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Economy in Brief

U.S. Small Business Optimism Jumps to Record High
by Tom Moeller  September 11, 2018

The National Federation of Independent Business (NFIB) reported that its Small Business Optimism Index rose to a record high of 108.8 during August. The index level was 3.3% higher than 12 months earlier.

A record 34% of respondents indicated that now was a good time to expand the business. A still-high thirty-four expected the economy to improve and a firm 26% expected higher real sales. A higher 33% planned to make capital expenditures, up from 28% during all of last year.

Labor market readings remained firm. A record 26% of businesses were planning to increase employment. Meanwhile, a higher 55% indicated that there were few or no qualified candidates for job openings.

Pricing pressure remained strong. A net 17% of firms were raising average selling prices in August, roughly double the percentage twelve months earlier. A steady 24% of firms were planning to raise prices, remaining near the ten-year high. Thirty-two percent of firms increased worker compensation, up from one percent during all of 2009. Twenty-one of businesses were planning to raise compensation, up from 15% last August.

Credit was readily available. A slightly higher five percent of businesses reported difficulties in obtaining credit, up from two percent in June. These readings were near the lowest level of the economic expansion.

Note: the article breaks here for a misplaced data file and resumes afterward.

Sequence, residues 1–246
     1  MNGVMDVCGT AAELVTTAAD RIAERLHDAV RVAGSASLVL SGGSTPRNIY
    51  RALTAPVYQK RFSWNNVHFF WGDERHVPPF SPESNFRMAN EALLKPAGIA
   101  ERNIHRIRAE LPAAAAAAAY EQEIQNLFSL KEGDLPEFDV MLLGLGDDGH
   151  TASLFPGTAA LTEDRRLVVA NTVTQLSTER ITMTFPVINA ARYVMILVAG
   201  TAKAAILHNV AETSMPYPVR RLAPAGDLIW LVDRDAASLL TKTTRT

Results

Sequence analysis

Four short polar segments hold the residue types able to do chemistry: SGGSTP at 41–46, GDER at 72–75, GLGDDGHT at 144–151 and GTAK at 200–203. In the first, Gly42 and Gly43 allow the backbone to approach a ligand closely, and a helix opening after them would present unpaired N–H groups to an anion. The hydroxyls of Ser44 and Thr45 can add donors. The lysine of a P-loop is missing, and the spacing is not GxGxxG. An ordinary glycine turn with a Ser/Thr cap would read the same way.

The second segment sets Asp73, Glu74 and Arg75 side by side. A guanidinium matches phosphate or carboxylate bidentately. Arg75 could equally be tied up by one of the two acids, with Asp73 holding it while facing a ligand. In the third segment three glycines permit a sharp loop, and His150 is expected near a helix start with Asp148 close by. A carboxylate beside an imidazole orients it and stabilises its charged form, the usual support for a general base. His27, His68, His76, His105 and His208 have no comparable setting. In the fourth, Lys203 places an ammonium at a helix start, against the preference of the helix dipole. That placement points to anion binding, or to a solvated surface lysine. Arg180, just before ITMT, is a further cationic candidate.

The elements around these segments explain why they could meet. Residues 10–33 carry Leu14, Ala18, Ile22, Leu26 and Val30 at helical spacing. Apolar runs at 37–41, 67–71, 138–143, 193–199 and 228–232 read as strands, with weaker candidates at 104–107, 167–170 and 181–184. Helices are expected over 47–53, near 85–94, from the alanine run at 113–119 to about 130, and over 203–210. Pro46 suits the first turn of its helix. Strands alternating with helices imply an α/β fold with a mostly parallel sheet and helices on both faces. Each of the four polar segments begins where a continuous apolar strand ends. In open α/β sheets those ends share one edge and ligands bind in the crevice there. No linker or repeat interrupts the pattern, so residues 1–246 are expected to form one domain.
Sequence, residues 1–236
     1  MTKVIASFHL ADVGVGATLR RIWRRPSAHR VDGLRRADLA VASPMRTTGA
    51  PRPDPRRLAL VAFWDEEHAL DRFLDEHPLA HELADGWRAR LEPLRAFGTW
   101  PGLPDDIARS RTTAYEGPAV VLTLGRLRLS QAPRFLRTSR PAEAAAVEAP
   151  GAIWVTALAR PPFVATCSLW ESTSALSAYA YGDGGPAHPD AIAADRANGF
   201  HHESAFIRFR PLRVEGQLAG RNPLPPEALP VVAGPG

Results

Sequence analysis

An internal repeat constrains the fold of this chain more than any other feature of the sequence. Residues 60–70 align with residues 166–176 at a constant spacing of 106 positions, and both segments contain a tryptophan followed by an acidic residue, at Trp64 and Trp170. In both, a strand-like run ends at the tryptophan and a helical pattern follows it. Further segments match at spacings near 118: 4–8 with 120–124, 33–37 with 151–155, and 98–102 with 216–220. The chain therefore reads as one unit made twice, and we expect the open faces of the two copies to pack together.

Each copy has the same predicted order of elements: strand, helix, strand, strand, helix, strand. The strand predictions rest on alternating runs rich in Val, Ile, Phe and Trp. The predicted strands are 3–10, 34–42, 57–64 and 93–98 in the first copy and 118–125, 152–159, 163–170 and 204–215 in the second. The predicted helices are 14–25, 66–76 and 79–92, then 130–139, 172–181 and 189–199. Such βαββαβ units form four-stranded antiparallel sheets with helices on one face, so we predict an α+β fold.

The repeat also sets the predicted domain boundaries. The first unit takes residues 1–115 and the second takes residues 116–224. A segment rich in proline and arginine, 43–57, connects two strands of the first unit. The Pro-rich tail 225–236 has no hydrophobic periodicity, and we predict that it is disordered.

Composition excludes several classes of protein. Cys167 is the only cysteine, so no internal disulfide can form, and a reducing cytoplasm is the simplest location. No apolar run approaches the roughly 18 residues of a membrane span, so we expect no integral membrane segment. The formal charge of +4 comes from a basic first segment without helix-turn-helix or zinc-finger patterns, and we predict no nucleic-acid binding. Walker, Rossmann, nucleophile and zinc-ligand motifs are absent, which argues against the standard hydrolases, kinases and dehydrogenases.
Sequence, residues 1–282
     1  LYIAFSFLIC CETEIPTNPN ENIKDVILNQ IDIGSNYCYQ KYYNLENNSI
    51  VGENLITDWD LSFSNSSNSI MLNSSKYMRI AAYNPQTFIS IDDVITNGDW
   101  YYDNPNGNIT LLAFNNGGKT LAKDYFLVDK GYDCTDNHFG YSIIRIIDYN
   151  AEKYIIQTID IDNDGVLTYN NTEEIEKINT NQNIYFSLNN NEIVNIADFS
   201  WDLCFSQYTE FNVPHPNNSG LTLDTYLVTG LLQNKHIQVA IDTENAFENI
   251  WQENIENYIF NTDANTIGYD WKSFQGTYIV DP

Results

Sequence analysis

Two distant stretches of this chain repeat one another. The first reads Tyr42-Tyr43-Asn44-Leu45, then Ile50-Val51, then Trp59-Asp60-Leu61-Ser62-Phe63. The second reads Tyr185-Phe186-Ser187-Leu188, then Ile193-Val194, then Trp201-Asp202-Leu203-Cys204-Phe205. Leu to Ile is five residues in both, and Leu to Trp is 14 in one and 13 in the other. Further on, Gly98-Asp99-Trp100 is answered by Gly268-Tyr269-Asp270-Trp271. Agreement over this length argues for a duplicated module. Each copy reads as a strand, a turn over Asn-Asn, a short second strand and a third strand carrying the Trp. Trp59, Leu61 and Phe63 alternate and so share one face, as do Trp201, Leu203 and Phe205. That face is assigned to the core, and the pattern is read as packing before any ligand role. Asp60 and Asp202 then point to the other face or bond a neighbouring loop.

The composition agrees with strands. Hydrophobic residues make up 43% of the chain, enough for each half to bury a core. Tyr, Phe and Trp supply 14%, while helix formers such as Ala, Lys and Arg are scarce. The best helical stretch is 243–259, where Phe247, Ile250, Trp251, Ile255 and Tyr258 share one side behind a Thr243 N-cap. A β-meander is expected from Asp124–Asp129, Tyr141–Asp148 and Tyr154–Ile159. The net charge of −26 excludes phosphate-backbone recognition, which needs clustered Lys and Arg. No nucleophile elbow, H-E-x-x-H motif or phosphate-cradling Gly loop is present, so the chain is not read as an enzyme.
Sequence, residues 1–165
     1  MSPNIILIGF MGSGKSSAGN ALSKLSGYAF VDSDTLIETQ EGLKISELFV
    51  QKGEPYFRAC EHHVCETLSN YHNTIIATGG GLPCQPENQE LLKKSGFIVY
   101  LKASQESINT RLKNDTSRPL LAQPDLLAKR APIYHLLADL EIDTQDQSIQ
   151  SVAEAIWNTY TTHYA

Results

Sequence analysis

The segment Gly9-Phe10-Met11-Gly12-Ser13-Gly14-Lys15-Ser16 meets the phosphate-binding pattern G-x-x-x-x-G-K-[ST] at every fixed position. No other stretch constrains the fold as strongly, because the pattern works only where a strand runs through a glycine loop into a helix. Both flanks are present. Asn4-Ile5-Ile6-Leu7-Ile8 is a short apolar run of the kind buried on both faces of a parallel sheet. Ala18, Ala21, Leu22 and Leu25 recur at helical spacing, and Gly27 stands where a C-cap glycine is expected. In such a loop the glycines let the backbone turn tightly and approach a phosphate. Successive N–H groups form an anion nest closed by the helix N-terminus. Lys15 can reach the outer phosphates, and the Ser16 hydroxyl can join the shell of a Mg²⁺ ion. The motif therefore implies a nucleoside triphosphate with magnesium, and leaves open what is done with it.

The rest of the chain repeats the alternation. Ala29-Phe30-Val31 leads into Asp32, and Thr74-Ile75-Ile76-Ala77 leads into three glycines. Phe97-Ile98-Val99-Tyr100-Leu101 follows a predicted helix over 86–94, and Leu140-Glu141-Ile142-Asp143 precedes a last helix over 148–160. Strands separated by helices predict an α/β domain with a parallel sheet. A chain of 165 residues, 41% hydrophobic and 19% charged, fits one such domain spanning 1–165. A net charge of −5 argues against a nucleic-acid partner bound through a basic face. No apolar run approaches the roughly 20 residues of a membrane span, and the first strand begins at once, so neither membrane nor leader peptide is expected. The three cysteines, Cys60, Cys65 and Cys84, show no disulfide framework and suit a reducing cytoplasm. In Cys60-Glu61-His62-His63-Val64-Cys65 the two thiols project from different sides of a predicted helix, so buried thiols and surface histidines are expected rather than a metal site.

This survey inquires about problems facing small business. The most pressing problem in August continued to be labor quality as a record 25% reported problems. A higher eight percent of firms reported the cost of labor as the most significant problem. Government requirements were worrisome to a lower 13% of respondents, down from 22% in 2015. Fifteen percent indicated that taxes were the largest problem, down from a December 2014 high of 27%. Competition from large businesses fell to eight percent and insurance costs/availability worried a lessened 9%. Poor sales remained at a near-record low of 7% while financial & interest rate problems remained a negligible problem for just two percent of respondents. Price inflation held steady as two percent reported it as the biggest problem.

Roughly 24 million small businesses exist in the U.S. and they create 80% of all new jobs. The index is based 1986=100. The typical NFIB member employs 10 people and reports gross sales of about $500,000 a year.

The NFIB figures can be found in Haver's SURVEYS database.

National Federation of Independent Business (SA, Net % of Firms) Aug Jul Jun Aug'17 2017 2016 2015
Small Business Optimism Index (1986=100) 108.8 107.9 107.2 105.3 104.9 95.3 96.1
Firms Expecting Economy to Improve 34 35 33 37 39 -5 -5
Firms Expecting Higher Real Sales 26 29 26 27 23 5 8
Firms Reporting Now Is a Good Time to Expand the Business 34 32 29 27 23 10 12
Firms Planning to Increase Employment 26 23 20 18 18 11 12
Firms With Few or No Qualified Applicants for Job Openings (%) 55 52 55 52 49 46 46
Firms Reporting That Credit Was Harder to Get 5 4 2 3 4 5 4
Firms Raising Average Selling Prices 17 16 14 9 7 0 2
Firms Raising Worker Compensation 32 32 31 28 27 24 23
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